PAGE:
By Doug Cameron

Lockheed Martin Corp. sought to reassure investors on Tuesday, saying for the first time that its F-35 combat jets, its largest program, would become more profitable despite pressure by President Donald Trump to cut costs.

In December, then President-elect Trump started criticizing the cost of the plane as "out of control." Since then, he has met with Lockheed Chief Executive Marillyn Hewson twice, followed by the world's largest defense company recommitting to cutting the F-35's price.

This is being done through an existing cost-cutting plan and producing more of the planes to generate economies of scale.

Ms. Hewson said she discussed with Mr. Trump the cost-cutting plans and efforts to make the plane less expensive to operate, and Lockheed hopes this year to secure contracts for two batches of the jets.

Lockheed confirmed Tuesday that it expects the next group of F-35s to cost less than $100 million each, matching a Pentagon target that existed before Mr. Trump's criticism. Ms. Hewson said on an investor call that Lockheed is close to a deal with the Pentagon to sell 90 more planes, including the F-35A model being used by the U.S. Air Force, at a price of less than $100 million.

Investors had been concerned that Mr. Trump's intervention would hurt profits on the F-35 program and remained cautious in case the company is forced into making additional cost cuts.

"It's not about slashing our profit," Ms. Hewson said on an investor call of her F-35 discussions with Mr. Trump.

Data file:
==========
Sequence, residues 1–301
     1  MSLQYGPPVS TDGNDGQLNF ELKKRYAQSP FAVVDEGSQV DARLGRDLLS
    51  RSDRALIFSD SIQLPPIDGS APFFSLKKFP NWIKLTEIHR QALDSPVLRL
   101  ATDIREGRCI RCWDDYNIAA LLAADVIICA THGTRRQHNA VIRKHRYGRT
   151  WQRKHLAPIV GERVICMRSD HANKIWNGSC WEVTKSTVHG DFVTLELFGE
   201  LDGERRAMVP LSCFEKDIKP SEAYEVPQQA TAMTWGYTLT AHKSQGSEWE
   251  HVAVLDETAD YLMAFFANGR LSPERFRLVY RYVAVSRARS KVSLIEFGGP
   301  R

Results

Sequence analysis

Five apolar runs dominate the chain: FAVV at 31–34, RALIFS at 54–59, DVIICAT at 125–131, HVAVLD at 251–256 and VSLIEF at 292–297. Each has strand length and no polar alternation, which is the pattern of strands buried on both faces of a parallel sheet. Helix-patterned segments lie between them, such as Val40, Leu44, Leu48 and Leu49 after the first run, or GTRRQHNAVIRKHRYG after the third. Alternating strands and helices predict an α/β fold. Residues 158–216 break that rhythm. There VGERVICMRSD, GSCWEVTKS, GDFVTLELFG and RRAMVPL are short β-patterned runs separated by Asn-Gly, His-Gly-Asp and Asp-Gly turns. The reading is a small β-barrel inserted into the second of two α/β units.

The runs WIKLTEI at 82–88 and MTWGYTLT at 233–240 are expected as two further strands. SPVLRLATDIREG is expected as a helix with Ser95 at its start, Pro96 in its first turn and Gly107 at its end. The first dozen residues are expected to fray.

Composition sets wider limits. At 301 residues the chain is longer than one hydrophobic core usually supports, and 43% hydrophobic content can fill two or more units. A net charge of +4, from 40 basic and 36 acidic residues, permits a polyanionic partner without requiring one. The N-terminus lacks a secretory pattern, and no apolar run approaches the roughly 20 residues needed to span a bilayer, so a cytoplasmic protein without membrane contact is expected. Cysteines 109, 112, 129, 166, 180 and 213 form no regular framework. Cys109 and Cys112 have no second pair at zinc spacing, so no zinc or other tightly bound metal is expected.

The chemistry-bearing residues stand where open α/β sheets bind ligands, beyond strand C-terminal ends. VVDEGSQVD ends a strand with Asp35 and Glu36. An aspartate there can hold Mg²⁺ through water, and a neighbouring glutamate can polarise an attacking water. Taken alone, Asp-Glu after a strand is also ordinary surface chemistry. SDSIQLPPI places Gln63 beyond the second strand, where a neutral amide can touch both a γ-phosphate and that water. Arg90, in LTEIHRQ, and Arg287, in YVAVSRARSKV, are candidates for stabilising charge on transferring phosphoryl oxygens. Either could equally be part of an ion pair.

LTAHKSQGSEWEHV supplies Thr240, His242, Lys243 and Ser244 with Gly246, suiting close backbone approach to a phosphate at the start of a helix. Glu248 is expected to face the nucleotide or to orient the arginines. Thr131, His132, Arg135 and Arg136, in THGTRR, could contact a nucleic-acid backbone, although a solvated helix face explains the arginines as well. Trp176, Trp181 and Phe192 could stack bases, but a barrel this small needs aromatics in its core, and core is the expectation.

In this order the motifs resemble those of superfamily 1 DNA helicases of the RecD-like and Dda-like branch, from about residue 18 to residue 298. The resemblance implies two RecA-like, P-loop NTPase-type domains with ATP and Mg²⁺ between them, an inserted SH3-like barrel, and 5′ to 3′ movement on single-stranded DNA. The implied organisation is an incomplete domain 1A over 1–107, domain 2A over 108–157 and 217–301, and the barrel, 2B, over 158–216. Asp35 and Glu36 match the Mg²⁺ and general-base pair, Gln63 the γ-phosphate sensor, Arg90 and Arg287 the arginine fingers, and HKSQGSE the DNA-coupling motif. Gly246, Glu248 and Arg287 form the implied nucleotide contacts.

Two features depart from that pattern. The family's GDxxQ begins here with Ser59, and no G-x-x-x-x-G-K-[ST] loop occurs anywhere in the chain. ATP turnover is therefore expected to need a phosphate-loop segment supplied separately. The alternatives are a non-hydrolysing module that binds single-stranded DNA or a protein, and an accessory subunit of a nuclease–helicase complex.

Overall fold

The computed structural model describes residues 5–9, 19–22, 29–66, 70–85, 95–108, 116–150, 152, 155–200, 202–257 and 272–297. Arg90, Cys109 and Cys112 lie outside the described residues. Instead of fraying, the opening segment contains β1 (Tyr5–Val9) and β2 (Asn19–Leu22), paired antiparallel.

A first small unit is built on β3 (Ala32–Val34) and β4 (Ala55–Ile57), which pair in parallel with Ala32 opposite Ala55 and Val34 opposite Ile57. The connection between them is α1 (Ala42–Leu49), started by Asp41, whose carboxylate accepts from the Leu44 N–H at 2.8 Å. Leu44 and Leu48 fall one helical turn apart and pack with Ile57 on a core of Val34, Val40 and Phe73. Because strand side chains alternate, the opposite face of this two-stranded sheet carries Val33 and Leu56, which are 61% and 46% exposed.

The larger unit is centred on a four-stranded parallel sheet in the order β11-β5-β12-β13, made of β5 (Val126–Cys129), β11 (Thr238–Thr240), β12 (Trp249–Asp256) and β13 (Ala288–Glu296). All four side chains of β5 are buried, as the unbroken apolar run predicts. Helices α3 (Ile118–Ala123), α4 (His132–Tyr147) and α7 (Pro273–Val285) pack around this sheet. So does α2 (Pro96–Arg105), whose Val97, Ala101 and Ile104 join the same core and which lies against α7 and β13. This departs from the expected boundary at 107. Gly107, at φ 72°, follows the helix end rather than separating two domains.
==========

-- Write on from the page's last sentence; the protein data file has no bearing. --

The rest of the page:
The company expects profit margins on the plane to continue rising, by almost one percentage point this year compared with 2016, and catch up with those of its existing military jets such as the F-16.

The F-35's cost has fallen with each deal, and the Pentagon last year imposed a contract on Lockheed that priced each F-35A at $102 million. The Pentagon said it expects the price of the next batch of the jets to fall 6% to 7% in the deal now being negotiated.

The Pentagon's goal is to cut the cost of the main version of the plane to $85 million in inflation-adjusted dollars by 2019, a target Ms. Hewson reiterated on Tuesday.

"For Lockheed to not concede anything new in the discussions on the program may not be 'The Deal' that President Trump is hoping to advertise," said Robert Stallard at Vertical Research in a client note.

Lockheed on Tuesday reported forecast-beating fourth-quarter earnings, though its initial 2017 profit guidance fell short of expectations and caused shares to fall more than 3% on the New York Stock Exchange. The share price recovered slightly as the day wore on, closing down 1.8% at $252.91.

The company said annual sales could surpass $50 billion for the first time in 2017, and the free cash that has powered its big stock-buyback program is also set to rise, alongside margins at the aerospace unit that makes the F-35.

However, its profit guidance for 2017 included a lower-than-expected pension tailwind, and the company also flagged a potential accounting issue at its Sikorsky helicopter arm.

The company expects earnings per share of between $12.25 and $12.55 for 2017, below the $12.87 consensus among analysts surveyed by Thomson Reuters. Revenue is expected to be between $49.4 billion and $50.6 billion as it boosts F-35 production.

For the December quarter, Lockheed reported a profit of $988 million, or $3.35 a share, up from$933 million, or $3.01 a share, a year earlier. Revenue climbed 19% to $13.75 billion.

Write to Doug Cameron at doug.cameron@wsj.com

(END) Dow Jones Newswires

January 24, 2017 17:40 ET (22:40 GMT)

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